quality since I have been involved. In the early days, I would look at the entry and feel bad for the judge. Good dogs are easy to judge, poor examples are difficult to separate out, as you have to decide what you are willing to “give on” within the standard. Why do I think Herding Dogs can often become outstanding Show Dogs? When you combine grace, beauty, and intelligence with a strong desire to please while doing a job, it would be difficult to not think of a Herding Dog. A well-bred and properly exhibited German Shepherd is truly a thing of beauty, as is a Swedish Vall- hund from the other end of the Herding Group. Just for laughs, do I have a funny story that I can share about my experiences judging the Herding Group? This wasn’t in the Group ring, but while doing an (in-ring) observation for German Shepherds with George Hietzman, he had Jimmy Moses exhibit- ing. Those who remember George know that he had a great sense of humor. As Jimmy stacked his dog, George whispered to me, “Watch this.” After the hands-on exam, he asked for a down and back. Upon the return, George said, “Oh my, sir, your dog is mov- ing oddly. Could you do that again?” Jimmy obliged with another down and back. George shook his head and remarked that some- thing was amiss with this dog. Jimmy looked at him and said, “Well if the dog’s that bad, excuse him.” George said, “If I excuse him there’s no way I can give him a piece of the Group now, is there?” He continued, “If you can get him around to the end of the line, perhaps I’ll consider leaving him in.” Needless to say, the dog took Group One that day, and Jimmy and George had a good laugh at the photographers stand. I learned that day that a good sense of humor helps to make the job of judging that much more enjoyable. DEBORAH ANTHONY My love of dogs started as a
little girl on a farm in Western Pennsylvania that always had a dog around the property. Later in life, I admired a cousin who bred and exhibited Irish Setters. This fasci- nated me and I hoped to someday do the same, but only with a Cardi- gan Welsh Corgi. I wanted a smaller Herding Dog and they seemed per-
fect to me. (Then again, all dogs are perfect.) After a long search, I purchased my first show dog and thus began my journey. I still breed and exhibit, and I enjoy the competition. Where do I live? How many years in dogs? How many years as a judge? I live in Northwest Pennsylvania. I got my first show dog in 1983 and started judging in 2001. What is my original breed? What is/was my kennel name? The Cardigan is my original breed. Dragonpatch in our kennel, a name that came out of my husband’s childhood. Can I list a few of the notable dogs I’ve bred? Any performance or parent club titles? Many years ago we saw our breeding stock changing and we were not happy with what we were seeing, even though we had bred numerous champions from our original line. We imported three dogs of New Zealand breeding and started anew to ensure better temperaments, structure, etc. From two imports we produced the outstanding bitch GCH Dragonpatch Amoretta Joliette, “Jolie,” and her littermate, Dragonpatch Big Papa Foster, “Foster,” whom we exported and became a champion in ten Euro- pean countries and Best of Breed at the World Dog Show several years in a row. Jolie went on to produce Group-winning champions for us. Foster has sired offspring around the world that carry his traits today.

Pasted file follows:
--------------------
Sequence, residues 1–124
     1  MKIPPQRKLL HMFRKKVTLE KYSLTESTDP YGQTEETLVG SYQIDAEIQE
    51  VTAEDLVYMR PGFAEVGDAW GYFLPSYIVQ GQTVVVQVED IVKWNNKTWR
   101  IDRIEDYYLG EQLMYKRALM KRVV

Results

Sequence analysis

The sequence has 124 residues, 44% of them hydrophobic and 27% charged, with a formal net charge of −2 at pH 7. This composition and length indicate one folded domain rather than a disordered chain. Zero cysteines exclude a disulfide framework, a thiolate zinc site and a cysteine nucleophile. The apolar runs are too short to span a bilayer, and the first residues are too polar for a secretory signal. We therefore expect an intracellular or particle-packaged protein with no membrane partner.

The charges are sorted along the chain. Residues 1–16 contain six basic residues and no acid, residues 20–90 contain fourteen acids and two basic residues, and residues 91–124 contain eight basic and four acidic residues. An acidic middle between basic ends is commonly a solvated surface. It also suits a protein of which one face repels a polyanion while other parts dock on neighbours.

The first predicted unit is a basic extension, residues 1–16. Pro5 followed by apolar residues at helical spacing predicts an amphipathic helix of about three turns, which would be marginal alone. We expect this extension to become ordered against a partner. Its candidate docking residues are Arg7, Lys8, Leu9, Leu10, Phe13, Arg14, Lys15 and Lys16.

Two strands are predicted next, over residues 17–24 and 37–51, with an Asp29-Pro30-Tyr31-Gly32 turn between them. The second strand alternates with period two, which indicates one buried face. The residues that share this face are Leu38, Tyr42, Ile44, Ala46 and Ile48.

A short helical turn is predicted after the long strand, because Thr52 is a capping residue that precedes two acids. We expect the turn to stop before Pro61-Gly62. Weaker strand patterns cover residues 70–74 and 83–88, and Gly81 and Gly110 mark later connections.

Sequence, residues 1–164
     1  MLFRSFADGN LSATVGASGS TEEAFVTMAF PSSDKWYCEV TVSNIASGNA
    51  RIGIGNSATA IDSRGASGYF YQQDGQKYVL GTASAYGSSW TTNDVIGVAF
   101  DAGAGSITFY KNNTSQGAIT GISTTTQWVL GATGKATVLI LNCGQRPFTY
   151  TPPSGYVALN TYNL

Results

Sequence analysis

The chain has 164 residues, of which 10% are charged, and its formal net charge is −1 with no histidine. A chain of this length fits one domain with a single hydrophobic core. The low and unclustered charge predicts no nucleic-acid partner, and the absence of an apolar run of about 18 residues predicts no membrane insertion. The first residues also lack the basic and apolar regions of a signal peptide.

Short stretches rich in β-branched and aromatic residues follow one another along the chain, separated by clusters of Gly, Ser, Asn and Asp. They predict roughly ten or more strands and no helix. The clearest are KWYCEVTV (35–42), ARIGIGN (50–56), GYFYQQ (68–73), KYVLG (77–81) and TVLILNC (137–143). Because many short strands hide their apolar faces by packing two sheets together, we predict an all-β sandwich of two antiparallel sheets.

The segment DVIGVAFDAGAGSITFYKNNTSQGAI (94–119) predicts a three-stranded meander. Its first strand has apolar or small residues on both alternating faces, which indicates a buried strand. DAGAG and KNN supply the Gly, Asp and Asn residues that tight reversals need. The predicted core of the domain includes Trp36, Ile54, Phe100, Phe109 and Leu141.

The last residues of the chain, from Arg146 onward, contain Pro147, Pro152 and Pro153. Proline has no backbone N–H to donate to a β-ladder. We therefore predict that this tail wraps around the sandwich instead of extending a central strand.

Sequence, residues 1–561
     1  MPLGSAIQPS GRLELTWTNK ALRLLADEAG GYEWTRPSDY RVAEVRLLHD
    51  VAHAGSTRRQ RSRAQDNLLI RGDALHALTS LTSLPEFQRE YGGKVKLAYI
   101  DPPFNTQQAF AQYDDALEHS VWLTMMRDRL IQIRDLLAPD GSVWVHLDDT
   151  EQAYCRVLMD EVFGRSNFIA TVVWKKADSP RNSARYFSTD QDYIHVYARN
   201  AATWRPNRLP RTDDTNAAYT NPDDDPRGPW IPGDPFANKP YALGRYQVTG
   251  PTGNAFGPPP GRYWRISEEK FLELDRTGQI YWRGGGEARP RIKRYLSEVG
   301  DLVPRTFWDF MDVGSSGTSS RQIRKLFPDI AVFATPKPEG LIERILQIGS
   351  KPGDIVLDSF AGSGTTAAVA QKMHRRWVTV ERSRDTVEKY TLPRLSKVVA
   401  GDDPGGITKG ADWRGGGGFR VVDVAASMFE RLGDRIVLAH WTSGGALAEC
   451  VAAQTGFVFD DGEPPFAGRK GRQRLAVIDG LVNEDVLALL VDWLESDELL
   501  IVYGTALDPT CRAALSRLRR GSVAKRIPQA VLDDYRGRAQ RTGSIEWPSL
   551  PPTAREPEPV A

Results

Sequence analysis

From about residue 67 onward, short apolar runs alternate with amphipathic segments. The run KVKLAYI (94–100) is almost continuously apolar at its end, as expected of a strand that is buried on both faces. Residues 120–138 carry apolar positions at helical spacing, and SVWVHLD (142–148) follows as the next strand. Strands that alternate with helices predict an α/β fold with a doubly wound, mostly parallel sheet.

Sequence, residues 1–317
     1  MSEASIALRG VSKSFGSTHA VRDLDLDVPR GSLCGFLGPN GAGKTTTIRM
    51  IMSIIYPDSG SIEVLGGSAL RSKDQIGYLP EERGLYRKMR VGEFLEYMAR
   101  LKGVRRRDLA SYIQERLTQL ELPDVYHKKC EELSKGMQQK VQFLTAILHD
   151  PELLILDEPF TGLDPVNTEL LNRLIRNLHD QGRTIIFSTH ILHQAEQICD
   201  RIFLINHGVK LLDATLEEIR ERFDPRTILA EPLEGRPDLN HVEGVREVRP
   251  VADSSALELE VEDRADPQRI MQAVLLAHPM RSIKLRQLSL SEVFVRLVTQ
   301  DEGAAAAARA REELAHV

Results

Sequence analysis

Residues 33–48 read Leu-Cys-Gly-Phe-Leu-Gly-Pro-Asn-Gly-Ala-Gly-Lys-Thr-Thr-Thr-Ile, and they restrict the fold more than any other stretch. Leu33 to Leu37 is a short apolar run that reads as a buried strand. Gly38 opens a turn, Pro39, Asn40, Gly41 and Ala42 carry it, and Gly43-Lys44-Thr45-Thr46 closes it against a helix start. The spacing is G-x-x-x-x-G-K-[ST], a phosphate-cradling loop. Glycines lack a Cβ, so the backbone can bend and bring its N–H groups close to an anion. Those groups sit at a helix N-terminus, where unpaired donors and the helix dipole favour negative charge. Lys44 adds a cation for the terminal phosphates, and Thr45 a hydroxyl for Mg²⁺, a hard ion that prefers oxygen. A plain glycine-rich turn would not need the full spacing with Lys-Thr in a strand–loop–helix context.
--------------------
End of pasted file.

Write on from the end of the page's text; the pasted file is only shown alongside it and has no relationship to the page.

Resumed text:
years in dogs? How many years as a judge? I live in Virginia Beach, Virginia. I have been in dog for 48 years, 31 as a judge. What is my original breed? What is/was my kennel name? My original breed in the Shet- land Sheepdog. Chelsea is our kennel name. Can I list a few of the notable
dogs I’ve bred? Any performance or parent club titles? Notable dogs include CH Chelsea Lynmark Love Affair (National Specialty Win- ner), CH Chelsea Sunebank Trader (National Specialty AOM), and CH Sunebank Summer Secrets (Multi-Group and Veterans Win- ner). We did obedience in the early years, earning a couple CDs. What are the qualities I most admire in the Herding breeds? I admire the desired expression that exhibits intelligence and interest in doing their jobs; physical condition and the “build” to do their jobs.
SHOWSIGHT MAGAZINE, MARCH 2022 | 159